First and foremost, setting clear boundaries and prioritizing open communication are essential in relationships, and going to therapy is in and of itself a green flag, Gallagher says. In fact, a January 2023 study commissioned by Plenty of Fish found that 77 percent of singles said the benefits of self-improvement (like going to therapy) can extend across multiple areas of life, including dating. Still, too much of a good thing can turn sour, and Gallagher notes, “Singles have some hesitations around their dates overly leveraging ‘therapy speak,’ also known as overusing or mislabeling clinical terms and language to describe certain behaviors.”
OK, so why is thera-posing, or overusing therapy speak, a red flag in dating? Gallagher stresses that therapy is a great tool that can help us communicate in a more constructive way and better understand ourselves and how we act in relationships. “With that being said, everyone and every situation is different, and behavior is nuanced and delicate, so it's important not to generalize or label people in romantic relationships or otherwise,” she explains. Basically, even though someone has been to therapy doesn’t mean they have the knowledge, schooling and tools to communicate as if they’re a licensed professional, whether that means inaccurately “diagnosing” mental health issues or offering “professional” “solutions” to problems.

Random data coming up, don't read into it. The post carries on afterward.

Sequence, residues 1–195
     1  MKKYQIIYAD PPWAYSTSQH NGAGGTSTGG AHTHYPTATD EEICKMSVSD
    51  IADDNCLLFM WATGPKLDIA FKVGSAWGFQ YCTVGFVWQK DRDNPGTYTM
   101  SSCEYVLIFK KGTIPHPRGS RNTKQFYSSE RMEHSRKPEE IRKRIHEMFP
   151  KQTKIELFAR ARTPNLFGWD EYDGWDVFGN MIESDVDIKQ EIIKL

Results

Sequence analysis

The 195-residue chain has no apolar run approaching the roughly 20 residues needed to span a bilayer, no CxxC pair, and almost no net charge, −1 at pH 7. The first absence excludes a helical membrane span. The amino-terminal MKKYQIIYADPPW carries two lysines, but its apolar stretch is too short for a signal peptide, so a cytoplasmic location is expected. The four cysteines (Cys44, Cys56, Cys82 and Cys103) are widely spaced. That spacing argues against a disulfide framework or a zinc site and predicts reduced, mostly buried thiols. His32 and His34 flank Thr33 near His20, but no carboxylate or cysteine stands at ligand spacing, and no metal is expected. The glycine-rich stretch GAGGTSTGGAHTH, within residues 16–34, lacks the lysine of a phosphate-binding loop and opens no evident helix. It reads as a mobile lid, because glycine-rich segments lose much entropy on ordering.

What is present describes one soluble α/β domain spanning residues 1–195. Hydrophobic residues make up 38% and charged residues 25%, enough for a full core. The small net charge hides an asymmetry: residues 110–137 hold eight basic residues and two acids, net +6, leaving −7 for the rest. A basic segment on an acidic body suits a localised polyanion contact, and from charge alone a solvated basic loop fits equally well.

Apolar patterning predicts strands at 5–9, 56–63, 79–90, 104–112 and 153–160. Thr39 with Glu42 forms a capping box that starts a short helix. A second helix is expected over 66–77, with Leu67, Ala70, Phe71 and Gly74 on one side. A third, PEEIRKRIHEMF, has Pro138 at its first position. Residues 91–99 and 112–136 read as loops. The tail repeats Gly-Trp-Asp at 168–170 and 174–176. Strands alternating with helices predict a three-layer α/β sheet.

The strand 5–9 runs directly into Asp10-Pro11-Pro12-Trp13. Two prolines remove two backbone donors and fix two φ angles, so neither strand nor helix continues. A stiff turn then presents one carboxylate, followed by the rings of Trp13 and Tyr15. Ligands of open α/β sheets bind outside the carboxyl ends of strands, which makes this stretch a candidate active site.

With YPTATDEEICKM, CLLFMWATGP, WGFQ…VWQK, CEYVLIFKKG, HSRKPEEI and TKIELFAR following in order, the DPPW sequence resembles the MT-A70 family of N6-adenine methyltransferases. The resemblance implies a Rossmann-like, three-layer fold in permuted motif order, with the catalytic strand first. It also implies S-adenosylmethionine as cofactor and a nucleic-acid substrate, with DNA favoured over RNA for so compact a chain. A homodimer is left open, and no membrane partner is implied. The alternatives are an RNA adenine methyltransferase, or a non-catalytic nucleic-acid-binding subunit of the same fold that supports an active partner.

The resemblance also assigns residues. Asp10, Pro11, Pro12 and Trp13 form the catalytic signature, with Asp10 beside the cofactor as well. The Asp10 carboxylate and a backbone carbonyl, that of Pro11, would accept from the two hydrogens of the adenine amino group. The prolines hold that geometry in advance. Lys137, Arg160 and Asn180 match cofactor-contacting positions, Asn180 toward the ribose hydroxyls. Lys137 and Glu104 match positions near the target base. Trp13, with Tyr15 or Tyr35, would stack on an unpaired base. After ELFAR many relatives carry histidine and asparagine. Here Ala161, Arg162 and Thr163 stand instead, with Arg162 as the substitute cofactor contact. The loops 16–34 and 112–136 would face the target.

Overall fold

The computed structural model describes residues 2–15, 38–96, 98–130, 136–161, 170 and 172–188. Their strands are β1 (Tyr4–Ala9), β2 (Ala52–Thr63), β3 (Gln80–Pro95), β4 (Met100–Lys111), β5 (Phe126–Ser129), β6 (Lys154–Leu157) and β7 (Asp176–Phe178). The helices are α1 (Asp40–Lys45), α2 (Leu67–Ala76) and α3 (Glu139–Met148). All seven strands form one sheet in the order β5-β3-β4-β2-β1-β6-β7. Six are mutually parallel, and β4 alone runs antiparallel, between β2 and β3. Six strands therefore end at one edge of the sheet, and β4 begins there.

Let’s say, for example, you’ve been on a few dates with a guy and you’re complaining about something your boss did (harmless, normal stuff). If he’s prone to thera-posing, he might launch into a tangent about how your boss is definitely a narcissist and you should probably start looking for a new job. The thing is, he’s in no way, shape or form qualified to make that diagnosis, and should instead just listen to your qualms and offer support from a distance.
This can also go both ways, of course. If you, as someone who goes to therapy, are tempted to write your date off because an off-the-cuff joke they made reminded you of a TikTok you saw about weaponized incompetence, you might be the one thera-posing. (If you have genuine concerns, take them to your therapist, who is literally paid to work through them with you.)
As for why we’re seeing this trend coming into 2024 (an August 2023 poll of Plenty of Fish users found that 33 percent of singles knew someone who has thera-posed), Gallagher explains that pop culture and social media have catapulted therapy-speak into the mainstream, “and people are identifying or relating to situations or behavior being described in a certain way, and then using this terminology to try and define their own experience or the behavior of someone they’re dating.”
So yes, going to therapy can be a huge asset when it comes to building a healthy relationship—just be wary of coopting the language of professionals with years of experience if you got your degree in art history.